You will never find anyone remembering, mourning or grieving for others killed in these conflicts – whether combatants from the opposing sides or civilians killed in collateral damage.

Iraq and Afghanistan

This is especially troubling for Muslims living in the UK. The British state – supported across all sides of the political divide but opposed by huge sections of the population – chose to invade two Muslim countries – Afghanistan and Iraq – within the space of 2 years. The consequent damage in terms of those directly killed and injured by the conflict, as well as those harmed by the damage to infrastructure and the destabilisation of the region, is enormous.

No one actually gathers accurate statistics about this – which is itself an indictment on those responsible. The website IraqBodyCount.org says that in Iraq alone there have been between 109,663 – 119,812 documented civilians killed in the violence: death of genocidal proportions. Other estimates that include deaths from disease and troop related deaths, puts the numbers five to ten times higher.

This is aside from civilians abused by troops, most infamously highlighted by the murder of Baha Moussa whilst in the custody of British troops. No one will be wearing a poppy for Baha Moussa – or for any others killed in these conflicts. Nor for Muslims who fought against Britain and were killed in World War One. The Ottoman state was a global power which as the seat of the Caliphate was the figurehead leadership for Muslims in the world.

The US and UK invaded Iraq in 2003
The US and UK invaded Iraq in 2003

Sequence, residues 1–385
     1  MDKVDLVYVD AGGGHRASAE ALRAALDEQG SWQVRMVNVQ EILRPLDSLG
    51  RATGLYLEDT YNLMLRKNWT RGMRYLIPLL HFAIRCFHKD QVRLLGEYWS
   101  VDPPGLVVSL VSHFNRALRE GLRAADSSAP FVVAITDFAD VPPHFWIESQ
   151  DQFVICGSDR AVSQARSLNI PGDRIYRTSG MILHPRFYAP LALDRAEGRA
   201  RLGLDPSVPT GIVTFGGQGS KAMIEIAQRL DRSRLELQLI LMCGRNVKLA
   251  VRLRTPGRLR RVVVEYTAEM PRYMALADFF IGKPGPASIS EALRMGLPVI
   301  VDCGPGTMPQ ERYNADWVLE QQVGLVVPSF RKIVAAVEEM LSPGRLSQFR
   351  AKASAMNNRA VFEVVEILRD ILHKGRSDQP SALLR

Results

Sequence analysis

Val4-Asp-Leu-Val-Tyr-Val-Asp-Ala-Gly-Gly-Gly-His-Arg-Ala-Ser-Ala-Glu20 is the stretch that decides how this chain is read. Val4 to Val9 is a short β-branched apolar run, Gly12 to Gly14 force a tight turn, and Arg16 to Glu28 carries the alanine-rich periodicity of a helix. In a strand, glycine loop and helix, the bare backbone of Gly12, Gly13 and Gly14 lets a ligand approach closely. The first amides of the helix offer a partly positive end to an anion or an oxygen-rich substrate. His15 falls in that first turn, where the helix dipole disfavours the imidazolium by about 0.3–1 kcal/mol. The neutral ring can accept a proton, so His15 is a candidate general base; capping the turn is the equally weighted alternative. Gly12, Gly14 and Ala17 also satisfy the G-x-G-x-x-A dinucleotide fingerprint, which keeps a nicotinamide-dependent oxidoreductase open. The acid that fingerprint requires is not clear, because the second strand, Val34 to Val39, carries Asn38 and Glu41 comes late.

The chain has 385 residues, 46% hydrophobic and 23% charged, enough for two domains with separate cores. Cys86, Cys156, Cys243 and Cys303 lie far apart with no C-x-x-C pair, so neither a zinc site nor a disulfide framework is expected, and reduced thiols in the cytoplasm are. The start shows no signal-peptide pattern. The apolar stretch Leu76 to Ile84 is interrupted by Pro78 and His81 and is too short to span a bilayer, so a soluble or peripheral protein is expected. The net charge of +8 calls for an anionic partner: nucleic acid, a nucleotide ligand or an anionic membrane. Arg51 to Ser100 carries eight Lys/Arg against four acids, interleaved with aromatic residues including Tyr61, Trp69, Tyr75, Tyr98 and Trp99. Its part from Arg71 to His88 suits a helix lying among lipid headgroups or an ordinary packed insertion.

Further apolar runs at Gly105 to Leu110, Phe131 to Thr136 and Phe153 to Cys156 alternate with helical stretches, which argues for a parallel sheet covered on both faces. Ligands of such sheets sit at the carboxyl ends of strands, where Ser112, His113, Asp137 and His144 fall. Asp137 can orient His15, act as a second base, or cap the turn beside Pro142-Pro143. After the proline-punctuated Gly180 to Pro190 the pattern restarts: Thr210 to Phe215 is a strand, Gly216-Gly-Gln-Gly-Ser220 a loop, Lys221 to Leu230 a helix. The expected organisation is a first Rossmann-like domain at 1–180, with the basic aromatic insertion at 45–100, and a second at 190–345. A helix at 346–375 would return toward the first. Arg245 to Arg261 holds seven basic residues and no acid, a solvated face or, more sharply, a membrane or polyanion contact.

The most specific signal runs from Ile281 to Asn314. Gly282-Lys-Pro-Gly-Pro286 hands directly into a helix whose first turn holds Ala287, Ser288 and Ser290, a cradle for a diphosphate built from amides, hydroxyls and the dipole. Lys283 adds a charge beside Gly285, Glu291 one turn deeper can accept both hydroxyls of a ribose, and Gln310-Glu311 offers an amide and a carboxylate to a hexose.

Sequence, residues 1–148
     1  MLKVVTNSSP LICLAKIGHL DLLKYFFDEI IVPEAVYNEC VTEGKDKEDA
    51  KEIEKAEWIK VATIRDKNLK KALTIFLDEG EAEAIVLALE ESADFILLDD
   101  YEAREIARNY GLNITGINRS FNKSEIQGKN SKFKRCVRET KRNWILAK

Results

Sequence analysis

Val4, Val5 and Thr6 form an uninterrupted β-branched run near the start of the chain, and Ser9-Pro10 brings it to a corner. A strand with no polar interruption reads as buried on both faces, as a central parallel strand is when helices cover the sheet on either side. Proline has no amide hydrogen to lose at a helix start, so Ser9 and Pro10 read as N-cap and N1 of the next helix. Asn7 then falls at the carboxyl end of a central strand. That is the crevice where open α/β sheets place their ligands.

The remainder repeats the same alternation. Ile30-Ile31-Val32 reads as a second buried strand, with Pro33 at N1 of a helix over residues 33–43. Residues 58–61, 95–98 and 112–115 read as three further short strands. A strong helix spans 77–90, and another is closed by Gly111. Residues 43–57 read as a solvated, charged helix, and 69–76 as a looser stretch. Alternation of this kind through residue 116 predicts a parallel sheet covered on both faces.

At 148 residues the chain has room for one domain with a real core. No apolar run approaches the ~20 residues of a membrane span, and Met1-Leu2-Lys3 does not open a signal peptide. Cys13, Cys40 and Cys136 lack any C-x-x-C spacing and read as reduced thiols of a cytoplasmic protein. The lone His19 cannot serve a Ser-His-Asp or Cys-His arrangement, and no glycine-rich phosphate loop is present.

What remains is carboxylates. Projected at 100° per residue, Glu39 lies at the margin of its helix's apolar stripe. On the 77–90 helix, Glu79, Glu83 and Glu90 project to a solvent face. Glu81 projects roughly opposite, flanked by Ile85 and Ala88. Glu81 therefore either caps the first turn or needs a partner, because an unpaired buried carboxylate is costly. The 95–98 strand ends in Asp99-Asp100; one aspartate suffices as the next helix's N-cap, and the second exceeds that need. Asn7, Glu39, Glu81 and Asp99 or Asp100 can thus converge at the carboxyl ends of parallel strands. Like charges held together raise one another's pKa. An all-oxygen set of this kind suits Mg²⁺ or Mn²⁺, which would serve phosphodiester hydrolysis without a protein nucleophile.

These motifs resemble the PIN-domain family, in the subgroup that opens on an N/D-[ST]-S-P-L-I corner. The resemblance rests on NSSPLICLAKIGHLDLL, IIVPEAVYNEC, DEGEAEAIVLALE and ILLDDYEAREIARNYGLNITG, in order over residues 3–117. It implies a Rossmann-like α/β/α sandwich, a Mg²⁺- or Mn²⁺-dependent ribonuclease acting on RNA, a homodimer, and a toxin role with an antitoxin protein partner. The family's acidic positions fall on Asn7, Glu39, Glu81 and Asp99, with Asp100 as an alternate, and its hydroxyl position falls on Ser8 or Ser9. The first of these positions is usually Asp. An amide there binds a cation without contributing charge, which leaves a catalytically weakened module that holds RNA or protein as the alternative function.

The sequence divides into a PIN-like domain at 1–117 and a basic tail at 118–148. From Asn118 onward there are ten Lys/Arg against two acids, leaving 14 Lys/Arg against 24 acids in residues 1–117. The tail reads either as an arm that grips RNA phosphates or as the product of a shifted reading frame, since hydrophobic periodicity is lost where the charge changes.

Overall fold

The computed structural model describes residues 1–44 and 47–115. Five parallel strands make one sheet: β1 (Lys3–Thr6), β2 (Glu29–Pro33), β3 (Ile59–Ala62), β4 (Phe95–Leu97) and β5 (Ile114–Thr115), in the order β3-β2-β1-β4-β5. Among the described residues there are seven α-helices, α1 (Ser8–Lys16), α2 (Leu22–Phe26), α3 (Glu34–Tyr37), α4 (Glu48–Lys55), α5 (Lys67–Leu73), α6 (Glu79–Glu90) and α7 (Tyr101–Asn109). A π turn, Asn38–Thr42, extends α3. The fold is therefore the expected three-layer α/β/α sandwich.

The Ottoman Sultan had tried to stay out of the conflict between Britain and Germany. Yet Britain, more than any other state, was determined to drag it in. The subsequent occupation then division of Arab lands, “Sykes-Picot” and the Balfour declaration all laid the seeds for decades long conflicts that followed.

Despite that shameful history, Defence Secretary Phillip Hammond has the audacity to say that Britain and Europe should be “prepared, if necessary, to take a bigger role in relation to North Africa and the Middle East.”

I will not be wearing a poppy this November. I cannot wear a badge that remembers the troops sent to a meaningless death by aggressor regime, over the victims of that aggression – especially when the victim is my sister, my brother, my father and my mother.

As well as whitewashing historical and contemporary truths about Britain’s wars, the huge focus on the poppy – and talk of a national commemoration of the First World War – politicians’ attempt to generate some much-needed patriotic sentiments in British society – like the Jubilee celebrations, Royal Wedding and 2012 Olympics – against the background of pessimism and austerity,

But patriotism – which thrives on the feeling that people are united because of some existential threat – is a very weak, temporary and shallow basis upon which to unify people.

It is a deeply dishonest exercise. The First World War poet Wilfred Owen wrote: “Dulce et decorum est pro patria mori” or  “How sweet and fitting it is to die for one’s country” – except they are not dying for their country. Even if one shared this sentiment, the tragedy is that they kill and are killed for the sake of oil companies, defence contractors and firms involved in reconstruction.

I mean no disrespect to those who have sincere memories of their family members killed or injured in war. But the more that people simply capitulate to this deeply political campaign by the politicians to promote Poppy day, the less they will scrutinize those who are pushing this agenda from Whitehall.


Abdul Wahid is a regular contributor to New Civilisation. He is currently the Chairman of the UK-Executive Committee of Hizb ut-Tahrir in Britain. He has been published in The Times Higher Educational Supplement and on the websites of Foreign Affairs, Open Democracy and Prospect magazine.